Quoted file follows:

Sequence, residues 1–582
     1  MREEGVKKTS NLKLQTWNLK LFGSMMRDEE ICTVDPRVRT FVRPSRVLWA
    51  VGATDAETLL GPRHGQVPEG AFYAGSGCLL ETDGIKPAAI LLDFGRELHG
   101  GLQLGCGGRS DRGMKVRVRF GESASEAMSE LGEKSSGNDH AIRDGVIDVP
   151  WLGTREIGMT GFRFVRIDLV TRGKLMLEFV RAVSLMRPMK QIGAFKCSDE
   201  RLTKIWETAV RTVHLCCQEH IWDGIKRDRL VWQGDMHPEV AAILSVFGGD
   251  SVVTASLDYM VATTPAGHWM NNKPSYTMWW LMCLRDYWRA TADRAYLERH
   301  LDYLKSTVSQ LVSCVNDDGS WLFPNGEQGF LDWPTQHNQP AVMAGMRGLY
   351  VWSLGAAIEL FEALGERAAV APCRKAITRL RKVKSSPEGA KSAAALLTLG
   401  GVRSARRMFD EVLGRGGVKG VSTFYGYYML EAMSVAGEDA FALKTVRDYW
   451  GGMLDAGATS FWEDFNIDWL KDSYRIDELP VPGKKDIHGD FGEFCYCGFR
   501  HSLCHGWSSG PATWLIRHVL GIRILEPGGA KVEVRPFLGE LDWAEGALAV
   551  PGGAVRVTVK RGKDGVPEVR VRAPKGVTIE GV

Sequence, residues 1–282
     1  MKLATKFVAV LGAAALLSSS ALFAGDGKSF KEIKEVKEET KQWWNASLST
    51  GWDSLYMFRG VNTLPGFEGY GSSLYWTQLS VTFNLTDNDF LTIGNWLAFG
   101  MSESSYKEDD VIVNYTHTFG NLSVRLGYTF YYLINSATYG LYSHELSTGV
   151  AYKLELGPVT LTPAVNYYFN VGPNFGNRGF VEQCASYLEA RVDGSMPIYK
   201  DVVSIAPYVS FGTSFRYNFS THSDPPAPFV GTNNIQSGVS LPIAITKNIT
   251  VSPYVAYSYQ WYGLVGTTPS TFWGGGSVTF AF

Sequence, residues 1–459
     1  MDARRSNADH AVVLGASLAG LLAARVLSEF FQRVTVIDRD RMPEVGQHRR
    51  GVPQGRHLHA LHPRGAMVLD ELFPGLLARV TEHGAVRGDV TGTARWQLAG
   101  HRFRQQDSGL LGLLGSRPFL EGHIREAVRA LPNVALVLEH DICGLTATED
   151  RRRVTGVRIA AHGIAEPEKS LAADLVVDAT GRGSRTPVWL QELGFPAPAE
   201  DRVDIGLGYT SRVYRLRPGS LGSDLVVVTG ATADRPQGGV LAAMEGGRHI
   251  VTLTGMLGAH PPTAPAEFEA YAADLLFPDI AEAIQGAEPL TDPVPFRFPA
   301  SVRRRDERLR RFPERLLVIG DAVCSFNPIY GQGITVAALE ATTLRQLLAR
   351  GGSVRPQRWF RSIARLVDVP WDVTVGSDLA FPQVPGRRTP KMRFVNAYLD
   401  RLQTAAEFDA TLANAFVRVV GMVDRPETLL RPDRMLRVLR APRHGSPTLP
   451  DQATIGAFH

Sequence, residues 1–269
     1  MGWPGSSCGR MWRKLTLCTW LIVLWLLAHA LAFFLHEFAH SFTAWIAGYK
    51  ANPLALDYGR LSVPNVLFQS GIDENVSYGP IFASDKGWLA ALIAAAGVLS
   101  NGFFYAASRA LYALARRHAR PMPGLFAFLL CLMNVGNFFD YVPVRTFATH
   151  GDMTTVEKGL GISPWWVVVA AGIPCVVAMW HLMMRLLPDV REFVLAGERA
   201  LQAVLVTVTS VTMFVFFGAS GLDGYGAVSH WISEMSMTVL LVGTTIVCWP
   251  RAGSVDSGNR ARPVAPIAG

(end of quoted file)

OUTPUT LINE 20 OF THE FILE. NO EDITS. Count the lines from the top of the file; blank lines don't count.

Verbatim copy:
   251  VSPYVAYSYQ WYGLVGTTPS TFWGGGSVTF AF